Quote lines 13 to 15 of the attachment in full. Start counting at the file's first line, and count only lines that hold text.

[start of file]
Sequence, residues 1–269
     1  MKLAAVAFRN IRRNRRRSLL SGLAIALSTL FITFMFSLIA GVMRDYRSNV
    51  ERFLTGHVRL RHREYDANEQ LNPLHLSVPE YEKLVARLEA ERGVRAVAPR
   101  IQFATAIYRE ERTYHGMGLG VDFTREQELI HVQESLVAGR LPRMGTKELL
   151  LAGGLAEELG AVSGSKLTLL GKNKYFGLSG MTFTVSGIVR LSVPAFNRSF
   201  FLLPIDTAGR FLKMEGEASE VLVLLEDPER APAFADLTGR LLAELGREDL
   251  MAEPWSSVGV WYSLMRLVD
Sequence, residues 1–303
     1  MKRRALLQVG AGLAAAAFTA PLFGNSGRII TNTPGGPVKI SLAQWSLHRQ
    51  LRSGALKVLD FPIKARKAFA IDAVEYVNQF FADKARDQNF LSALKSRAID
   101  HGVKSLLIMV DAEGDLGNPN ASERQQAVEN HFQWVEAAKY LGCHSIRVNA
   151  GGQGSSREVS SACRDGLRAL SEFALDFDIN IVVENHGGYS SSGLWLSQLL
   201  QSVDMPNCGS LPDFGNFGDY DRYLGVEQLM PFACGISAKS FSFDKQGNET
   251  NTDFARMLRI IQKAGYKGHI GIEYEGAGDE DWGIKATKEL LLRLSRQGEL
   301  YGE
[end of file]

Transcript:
   201  QSVDMPNCGS LPDFGNFGDY DRYLGVEQLM PFACGISAKS FSFDKQGNET
   251  NTDFARMLRI IQKAGYKGHI GIEYEGAGDE DWGIKATKEL LLRLSRQGEL
   301  YGE